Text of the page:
A joint tenancy is an estate held by two or more persons jointly, with equal rights to share in its enjoyment during their lives and creating in each joint tenant a right of survivorship. Joint tenancy is one of the estates in which a number of persons can own an interest. A joint tenancy has characteristics of both a tenancy in common and a tenancy by the entirety. As in a tenancy in common, each joint tenant has the right, during the lifetime of both tenants, to alienate his or her own one-half interest; as in a tenancy by the entirety, each tenant also has an inchoate right of survivorship with respect to the other tenant’s share. 24 NY Jur 2d Cotenancy and Partition §16 (footnotes omitted).

Thus mother and daughter owned the property from July, 2002 to January, 2010. It would appear that the mother clearly satisfies the length of ownership requirement, as did the applicant in the earlier Opinion. The rationale given for reaching a different conclusion in the Opinion is as follows:

Where a sole owner of a real property parcel adds additional names to a deed, a new title or interest is created. Likewise, as in the example, when a name of a near relative is removed from the deed and only the name of the aged person remains, a new title or interest is created. The transfer of title in 1971 to A (i.e., the transfer to the applicant, here parallel to the January 2010 transfer from mother and daughter to mother) caused a break in the chain of title and created a new title or interest whereby A became a sole owner.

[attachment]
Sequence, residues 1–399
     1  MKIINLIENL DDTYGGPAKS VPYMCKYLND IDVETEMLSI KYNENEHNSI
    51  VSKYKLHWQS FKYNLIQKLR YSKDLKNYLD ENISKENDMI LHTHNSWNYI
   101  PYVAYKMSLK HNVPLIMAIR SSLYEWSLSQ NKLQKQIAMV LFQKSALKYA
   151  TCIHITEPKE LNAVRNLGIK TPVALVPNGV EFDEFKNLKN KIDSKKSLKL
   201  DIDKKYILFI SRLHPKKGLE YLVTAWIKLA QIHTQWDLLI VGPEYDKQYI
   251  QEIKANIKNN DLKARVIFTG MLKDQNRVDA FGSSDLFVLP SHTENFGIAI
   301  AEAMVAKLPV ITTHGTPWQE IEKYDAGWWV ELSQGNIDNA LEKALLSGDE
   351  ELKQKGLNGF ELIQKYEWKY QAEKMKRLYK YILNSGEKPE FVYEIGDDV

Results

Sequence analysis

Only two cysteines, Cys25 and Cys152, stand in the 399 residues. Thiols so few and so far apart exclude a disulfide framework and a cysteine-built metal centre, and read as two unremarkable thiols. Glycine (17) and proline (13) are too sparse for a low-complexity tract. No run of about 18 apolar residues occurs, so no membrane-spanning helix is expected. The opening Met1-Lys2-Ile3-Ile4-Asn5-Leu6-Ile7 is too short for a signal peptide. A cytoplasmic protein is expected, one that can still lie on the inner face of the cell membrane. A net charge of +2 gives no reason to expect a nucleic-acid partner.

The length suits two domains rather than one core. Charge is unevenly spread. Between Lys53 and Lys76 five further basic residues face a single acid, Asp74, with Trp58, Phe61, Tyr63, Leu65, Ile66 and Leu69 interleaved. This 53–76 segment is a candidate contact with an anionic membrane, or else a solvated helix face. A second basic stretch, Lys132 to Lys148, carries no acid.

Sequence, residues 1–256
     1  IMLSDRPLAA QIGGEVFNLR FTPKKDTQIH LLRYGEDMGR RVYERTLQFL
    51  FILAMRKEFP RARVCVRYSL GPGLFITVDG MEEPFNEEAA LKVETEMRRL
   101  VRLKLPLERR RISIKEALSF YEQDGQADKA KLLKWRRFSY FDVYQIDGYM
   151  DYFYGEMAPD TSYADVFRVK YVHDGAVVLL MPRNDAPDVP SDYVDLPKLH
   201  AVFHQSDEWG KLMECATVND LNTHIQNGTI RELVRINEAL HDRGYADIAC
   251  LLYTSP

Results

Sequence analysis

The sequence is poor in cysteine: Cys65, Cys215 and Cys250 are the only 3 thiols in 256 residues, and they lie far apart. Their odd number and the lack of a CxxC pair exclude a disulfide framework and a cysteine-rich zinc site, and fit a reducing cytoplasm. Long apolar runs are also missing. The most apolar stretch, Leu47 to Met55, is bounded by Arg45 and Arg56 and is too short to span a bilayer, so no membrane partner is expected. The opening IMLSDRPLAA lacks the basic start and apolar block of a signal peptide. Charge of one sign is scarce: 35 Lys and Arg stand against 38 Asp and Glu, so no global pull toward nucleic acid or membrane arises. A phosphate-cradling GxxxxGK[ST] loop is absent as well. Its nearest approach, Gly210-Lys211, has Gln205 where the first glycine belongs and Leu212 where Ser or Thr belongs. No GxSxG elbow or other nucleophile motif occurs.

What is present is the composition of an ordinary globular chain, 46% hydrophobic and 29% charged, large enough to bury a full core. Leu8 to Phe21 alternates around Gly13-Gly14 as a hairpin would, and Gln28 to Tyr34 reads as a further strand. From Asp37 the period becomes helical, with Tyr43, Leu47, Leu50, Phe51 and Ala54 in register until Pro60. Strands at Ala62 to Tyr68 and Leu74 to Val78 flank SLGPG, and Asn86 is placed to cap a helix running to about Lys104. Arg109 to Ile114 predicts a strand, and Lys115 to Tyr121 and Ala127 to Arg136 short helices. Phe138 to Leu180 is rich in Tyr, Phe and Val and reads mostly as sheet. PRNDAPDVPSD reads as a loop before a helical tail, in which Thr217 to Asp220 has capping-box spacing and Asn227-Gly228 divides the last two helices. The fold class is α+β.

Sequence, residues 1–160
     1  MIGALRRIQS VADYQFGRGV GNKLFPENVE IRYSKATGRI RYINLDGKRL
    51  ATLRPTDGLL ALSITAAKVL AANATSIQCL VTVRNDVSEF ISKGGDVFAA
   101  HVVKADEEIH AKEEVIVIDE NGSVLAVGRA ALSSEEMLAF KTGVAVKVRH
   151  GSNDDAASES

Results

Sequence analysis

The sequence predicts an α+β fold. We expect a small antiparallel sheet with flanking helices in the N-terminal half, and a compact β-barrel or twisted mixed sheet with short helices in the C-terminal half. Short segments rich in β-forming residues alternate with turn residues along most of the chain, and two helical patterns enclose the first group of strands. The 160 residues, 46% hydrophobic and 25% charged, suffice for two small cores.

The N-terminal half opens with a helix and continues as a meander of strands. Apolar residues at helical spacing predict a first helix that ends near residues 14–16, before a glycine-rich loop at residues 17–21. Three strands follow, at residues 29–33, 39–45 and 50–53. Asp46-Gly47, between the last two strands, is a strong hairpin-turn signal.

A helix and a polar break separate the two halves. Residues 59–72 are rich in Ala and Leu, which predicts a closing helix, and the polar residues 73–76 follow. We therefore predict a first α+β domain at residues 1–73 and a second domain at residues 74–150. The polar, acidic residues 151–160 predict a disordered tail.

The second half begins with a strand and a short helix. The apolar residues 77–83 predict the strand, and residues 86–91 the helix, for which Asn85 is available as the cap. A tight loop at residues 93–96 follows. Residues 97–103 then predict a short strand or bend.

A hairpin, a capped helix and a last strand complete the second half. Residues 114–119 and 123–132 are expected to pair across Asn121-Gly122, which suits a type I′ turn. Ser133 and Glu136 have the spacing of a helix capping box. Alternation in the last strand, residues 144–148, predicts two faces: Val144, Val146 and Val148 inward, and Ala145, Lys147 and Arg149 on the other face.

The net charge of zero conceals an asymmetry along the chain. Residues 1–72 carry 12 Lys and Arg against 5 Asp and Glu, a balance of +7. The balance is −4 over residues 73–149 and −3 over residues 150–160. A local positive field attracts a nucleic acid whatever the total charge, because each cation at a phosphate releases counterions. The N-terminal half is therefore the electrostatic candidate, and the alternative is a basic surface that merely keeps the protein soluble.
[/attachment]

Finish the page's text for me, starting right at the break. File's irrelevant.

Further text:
First it should be noted that in this, and several other Opinions {2}, the phrase “break in the chain of title” is misused.  “Title means full, independent and fee ownership. The fee includes title, the right of possession, and the right to use for any purpose that might be lawful.” Warren’s Weed New York Property, Chapter 136, “Title”, §136.01 (5th Ed.). Chain of title is the “ownership history of a piece of land from its first owner to the present one.” Black’s Law Dictionary, p. 244, “Chain of Title” (8thed.). Here the relevant part of the chain of title runs from grantor to mother and daughter to mother. There is no break, just as there was no break in the situation described in 2 id. 55. The two transfers from joint tenancies to the applicants are, to continue the metaphor, links in the chain of title, not breaks. The mother had title to the property since 2002, which satisfies the twelve-month requirement. Section 467(3)(b) does not contain a requirement that the twelve-month ownership must be exclusive, and it did not contain such a requirement when the previous Opinion was issued.

Accordingly, the following Opinions are superseded: 1 Op. Counsel SBEA No. 110, 1 Op. Counsel SBEA No. 111, 2 Op. Counsel SBEA No. 44, 2 Op. Counsel SBEA No. 55, 2 Op. Counsel SBEA No. 59, 2 Op. Counsel SBEA No. 83, 3 Op. Counsel SBEA No. 81, 4 Op. Counsel SBEA No. 98, 5 Op. Counsel SBEA No. 33.

September 14, 2010


{1}  The facts have been simplified for publication.

{2}  See: e.g., 1 Op. Counsel SBEA No. 110, 2 id. 83, 3 id. 81.